LOUISBURG -- Franklin County commissioners will get their first chance to dig into the guts of a 2020-21 spending plan that doesn't raise the property tax rate, provides a bit of a pay boost for employees, raises solid waste fees and fully funds the school system's request.
The board is slated to have a work session on the matter today (May 21), three days after County Manager Angela Harris presented the $88.89 million spending plan to commissioners and the public. [Department heads had made $93 million in requests.]
The budget is available online and can be obtained in book form by contacting the county administration office.
A public hearing on the budget is slated for June 1.
"It has been a most unusual budget season, but I feel very pleased with the final product," Harris said. "I hope that it will be pleasing to the board."
The budget highlights include:
• No recommendation for a tax rate increase. The county's assessed tax base is $6.1 billion -- a 5.1 percent increase over the current fiscal year's budget, Harris said.
That, coupled with conservative sales tax projections and property tax collection rates, almost $750,000 less in overall spending than the previous budget and pulling $162,000 more from fund balance than the current budget has allowed the county to present a budget that does not call for a property tax increase.
"It is not my recommendation to continue this practice [of pulling from the fund balance]," Harris said.
"I'd like to talk with the board to put together a plan so that we wouldn't have a dependency on the fund balance in the future.
"We felt like this year, the situation and the climate that we're in, it was certainly appropriate."
Still, Harris said, the county's fund balance is above the percentage that the county established as a general rule;
• The budget does not include a transfer from the county's savings account to the solid waste fund. The current budget pulls just more than $412,000 from county coffers to balance the newly established enterprise fund.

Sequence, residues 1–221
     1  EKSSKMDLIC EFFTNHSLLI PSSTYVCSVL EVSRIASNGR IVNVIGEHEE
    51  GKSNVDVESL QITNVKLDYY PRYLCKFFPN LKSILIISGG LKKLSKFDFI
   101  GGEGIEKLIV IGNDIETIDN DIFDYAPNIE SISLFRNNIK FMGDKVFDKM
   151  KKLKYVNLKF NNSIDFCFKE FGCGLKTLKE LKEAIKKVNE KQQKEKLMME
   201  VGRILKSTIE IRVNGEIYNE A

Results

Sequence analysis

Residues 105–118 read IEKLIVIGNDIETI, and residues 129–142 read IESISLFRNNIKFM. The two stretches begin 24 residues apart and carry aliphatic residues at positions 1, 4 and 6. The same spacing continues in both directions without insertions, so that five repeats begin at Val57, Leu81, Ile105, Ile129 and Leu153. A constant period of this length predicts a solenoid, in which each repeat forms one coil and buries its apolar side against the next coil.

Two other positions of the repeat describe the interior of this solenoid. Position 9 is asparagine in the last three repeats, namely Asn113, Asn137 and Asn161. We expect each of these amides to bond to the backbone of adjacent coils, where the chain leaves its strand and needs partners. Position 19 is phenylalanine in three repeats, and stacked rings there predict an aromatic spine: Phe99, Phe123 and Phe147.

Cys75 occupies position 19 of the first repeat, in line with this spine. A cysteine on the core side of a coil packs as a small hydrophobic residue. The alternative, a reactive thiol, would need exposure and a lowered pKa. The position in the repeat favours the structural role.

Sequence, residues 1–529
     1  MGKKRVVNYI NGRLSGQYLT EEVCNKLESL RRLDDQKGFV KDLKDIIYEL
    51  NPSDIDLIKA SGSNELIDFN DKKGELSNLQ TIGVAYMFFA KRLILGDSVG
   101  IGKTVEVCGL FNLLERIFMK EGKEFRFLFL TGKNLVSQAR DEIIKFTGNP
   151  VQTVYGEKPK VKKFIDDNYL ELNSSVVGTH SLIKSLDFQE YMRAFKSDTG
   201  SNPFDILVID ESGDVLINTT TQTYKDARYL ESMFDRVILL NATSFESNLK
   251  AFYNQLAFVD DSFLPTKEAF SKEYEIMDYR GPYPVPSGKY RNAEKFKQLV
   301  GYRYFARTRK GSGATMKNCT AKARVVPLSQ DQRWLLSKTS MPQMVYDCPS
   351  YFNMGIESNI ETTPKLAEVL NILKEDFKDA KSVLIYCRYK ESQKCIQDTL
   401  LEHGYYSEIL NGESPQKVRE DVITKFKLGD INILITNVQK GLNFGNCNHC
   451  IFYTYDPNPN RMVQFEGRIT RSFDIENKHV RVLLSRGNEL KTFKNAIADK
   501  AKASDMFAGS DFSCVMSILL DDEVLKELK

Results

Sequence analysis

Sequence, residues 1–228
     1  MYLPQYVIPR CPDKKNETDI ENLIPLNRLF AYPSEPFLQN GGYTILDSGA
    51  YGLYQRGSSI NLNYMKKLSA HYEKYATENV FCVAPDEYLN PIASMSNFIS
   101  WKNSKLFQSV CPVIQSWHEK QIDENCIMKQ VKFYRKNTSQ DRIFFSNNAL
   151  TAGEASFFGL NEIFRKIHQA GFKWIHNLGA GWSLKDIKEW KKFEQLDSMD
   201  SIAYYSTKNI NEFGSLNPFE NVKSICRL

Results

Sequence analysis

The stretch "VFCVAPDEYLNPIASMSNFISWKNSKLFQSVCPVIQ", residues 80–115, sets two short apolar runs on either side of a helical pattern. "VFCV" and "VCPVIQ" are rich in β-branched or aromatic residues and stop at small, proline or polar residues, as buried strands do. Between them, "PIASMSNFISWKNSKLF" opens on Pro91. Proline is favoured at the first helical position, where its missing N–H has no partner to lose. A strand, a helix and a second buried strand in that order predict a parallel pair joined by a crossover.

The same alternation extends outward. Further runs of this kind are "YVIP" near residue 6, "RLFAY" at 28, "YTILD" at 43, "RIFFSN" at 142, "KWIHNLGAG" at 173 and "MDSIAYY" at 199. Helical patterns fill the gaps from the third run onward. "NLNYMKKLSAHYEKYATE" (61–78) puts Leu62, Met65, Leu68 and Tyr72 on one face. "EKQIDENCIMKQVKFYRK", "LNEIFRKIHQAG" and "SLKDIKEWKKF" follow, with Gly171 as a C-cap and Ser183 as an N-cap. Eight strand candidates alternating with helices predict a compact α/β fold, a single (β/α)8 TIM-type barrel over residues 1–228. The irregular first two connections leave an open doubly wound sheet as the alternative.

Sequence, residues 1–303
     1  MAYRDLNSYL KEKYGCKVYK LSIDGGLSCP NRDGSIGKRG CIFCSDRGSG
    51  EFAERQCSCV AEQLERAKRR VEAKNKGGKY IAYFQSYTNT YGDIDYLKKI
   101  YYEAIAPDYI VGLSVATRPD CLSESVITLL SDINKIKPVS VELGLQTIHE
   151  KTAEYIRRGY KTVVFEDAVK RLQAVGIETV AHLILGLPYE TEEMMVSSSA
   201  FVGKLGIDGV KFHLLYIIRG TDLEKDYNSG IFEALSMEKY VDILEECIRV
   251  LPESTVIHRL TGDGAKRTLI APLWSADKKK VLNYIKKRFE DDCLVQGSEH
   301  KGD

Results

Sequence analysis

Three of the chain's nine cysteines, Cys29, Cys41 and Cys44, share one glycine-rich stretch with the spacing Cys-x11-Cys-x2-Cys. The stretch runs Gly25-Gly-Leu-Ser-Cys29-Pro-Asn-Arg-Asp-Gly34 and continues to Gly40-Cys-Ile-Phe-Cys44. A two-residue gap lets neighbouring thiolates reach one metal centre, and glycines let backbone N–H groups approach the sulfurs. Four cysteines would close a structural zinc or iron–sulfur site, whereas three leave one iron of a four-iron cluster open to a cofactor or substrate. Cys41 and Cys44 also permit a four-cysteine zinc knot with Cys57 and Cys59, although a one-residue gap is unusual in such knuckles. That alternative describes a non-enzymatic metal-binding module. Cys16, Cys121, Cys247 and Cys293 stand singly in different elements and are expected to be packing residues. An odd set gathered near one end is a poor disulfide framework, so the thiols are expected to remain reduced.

Harris said the county was able to avoid using savings to pay for solid waste by reducing expenses and raising the solid waste availability fee from $90 to $100.
"We've done some surveying," Harris said. "That still is a competitive rate when surveying other counties.
"No other fee changes are being recommended;"
• Harris's budget recommends providing the school system $21.1 million to meet its operational expenses and $1 million to meet its capital needs -- both the full extent of what the school system requested, Harris said.
"My recommendation represents the largest investment in current expense for education on record," Harris said;
• The 2020-21 budget proposal does not recommend the implementation of a compensation and classification plan that would provide pay boosts for employees. Implementation of the plan would cost the county between $600,000 and $1.8 million -- without benefits.
"... Unfortunately, I don't recommend the implementation of any pay plan in this fiscal year," Harris said. "We want to look at that for the following year.
"... I think we're in a situation much more serious, now."
Instead, Harris is proposing a 2-percent cost of living increase for all employees beginning in January, costing the county $342,000.
"... I got feedback from the board that you wanted to make sure that we did something for all of our employees [and this does];"
• Department heads requested 13 new full-time posts. Instead, Harris' recommendation is for four new posts -- a school resource officer in Youngsville, a public health nurse, and two posts beginning in January, a community paramedic and fire marshal.
Those posts, according to County Finance Director Jamie Holtzman, will cost the county $211,000 -- including benefits;
• Beyond the 2-percent cost of living increase, the budget also includes $188,000 for an agreement with Open Broadband LLC to deploy the technology, focusing on unserved and underserved areas of Franklin County; $125,000 to craft the county's new Unified Development Ordinance; $40,000 to develop a countywide bike and pedestrian plan, $20,000 to pay for a long-gestating Epsom Park master plan;
• Harris informed the board that finance staff has explored opportunities to receive COVID-19 relief funding.
If eligible, Harris said the funding could be shared with towns at its discretion.
Currently, she said, the county is projecting how much it's expected to spend and include the towns in their plans. Those discussions, she said Tuesday, could take place in the next several days -- after the county has completed its projections.
• The virtual May 21 budget worksession begins at 3 p.m. and can be viewed by the public via Zoom and will be livestreamed on Youtube.
The sites are: https://us02web.zoom.us/j/81639658146, and http://franklincounty.today/, respectively.